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Addition of Prevalence of Cigarette Smoking as a Nationally Notifiable Condition -- June 1996

NOTE: Historical tables may be viewed using the Acrobat version of the issue. On June 6, 1996, by a unanimous vote, the Council of State and Territorial Epidemiologists (CSTE) added prevalence of cigarette smoking to the list of conditions designated as reportable by states to CDC. The addition of prevalence of cigarette smoking marks the first time a behavior, rather than a disease or illness, has been considered nationally reportable.

Goals of smoking prevalence surveillance identified by CSTE include monitoring trends in tobacco use, guiding allocation of tobacco-use prevention resources, and evaluating public health interventions to reduce smoking. Given these goals, CSTE selected population sampling as the appropriate surveillance methodology and designated the Behavioral Risk Factor Surveillance System (BRFSS) as the preferred data source. CSTE and CDC are developing the format to regularly present this information in national disease reporting statistics. The addition of cigarette smoking prevalence brings to 56 the number of diseases and conditions designated by CSTE as reportable by states to CDC.

Reported by: Council of State and Territorial Epidemiologists. Office on Smoking and Health, National Center for Chronic Disease Prevention and Health Promotion; Div of Surveillance and Epidemiology, Epidemiology Program Office, CDC.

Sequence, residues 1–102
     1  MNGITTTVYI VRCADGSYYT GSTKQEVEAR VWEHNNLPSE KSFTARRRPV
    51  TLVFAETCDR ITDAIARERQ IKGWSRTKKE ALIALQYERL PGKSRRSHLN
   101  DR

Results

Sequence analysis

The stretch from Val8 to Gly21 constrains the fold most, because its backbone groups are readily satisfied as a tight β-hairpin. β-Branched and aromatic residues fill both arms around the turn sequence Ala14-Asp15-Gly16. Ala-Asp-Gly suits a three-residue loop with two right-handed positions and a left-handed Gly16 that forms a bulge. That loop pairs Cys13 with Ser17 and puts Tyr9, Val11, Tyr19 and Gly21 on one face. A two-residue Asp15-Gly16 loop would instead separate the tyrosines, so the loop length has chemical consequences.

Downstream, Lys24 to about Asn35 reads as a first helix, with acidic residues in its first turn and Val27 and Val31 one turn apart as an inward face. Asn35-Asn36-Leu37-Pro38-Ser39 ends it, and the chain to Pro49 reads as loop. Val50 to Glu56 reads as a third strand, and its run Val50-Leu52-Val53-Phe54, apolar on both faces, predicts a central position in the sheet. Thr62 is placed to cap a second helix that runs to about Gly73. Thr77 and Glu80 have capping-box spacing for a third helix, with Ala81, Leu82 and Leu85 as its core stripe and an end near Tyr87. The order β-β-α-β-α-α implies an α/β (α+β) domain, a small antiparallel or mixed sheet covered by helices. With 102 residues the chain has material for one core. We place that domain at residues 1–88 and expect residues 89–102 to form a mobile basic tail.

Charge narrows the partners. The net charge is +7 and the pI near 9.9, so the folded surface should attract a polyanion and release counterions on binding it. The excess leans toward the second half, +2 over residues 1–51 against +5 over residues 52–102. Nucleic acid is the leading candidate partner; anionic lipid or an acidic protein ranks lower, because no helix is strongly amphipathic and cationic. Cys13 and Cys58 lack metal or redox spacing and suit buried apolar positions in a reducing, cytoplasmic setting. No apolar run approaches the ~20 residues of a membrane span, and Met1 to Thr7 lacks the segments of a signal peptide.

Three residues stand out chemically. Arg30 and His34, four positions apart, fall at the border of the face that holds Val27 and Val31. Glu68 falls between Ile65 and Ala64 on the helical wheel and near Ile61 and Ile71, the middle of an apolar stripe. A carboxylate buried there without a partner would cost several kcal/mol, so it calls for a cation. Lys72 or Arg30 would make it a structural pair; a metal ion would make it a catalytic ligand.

Editorial Note

Editorial Note: National notifiable disease surveillance has been critical to the successful campaign against infectious diseases throughout this century. By agreement among states, CSTE, in partnership with CDC, determines the list of conditions reportable to CDC. The addition of prevalence of cigarette smoking to this list is a historic step in the evolution of the public health surveillance in the United States.

Although most conditions reportable by states to CDC have been acute infectious diseases, and surveillance for such diseases remains a public health priority, the addition of prevalence of cigarette smoking reflects shifts in morbidity and mortality patterns in the United States and therefore the need to expand the range of nationally reportable conditions. Traditionally, infectious disease reporting has relied on a single methodology -- mandated reporting of all cases. The decision by CSTE to designate BRFSS as the recommended data source for reporting of this condition marks a transition to a more flexible system in which surveillance methods are determined by surveillance goals. Most importantly, this action underscores the role of tobacco use as the leading preventable cause of death in the United States and the need to conduct national public health surveillance for both conventional disease outcomes and for underlying causes (e.g., smoking and other risky behaviors) amenable to public health intervention (1).

Reference

  1. McGinnis JM, Foege WH. Actual causes of death in the United States. JAMA 1993; 270:2207-12.



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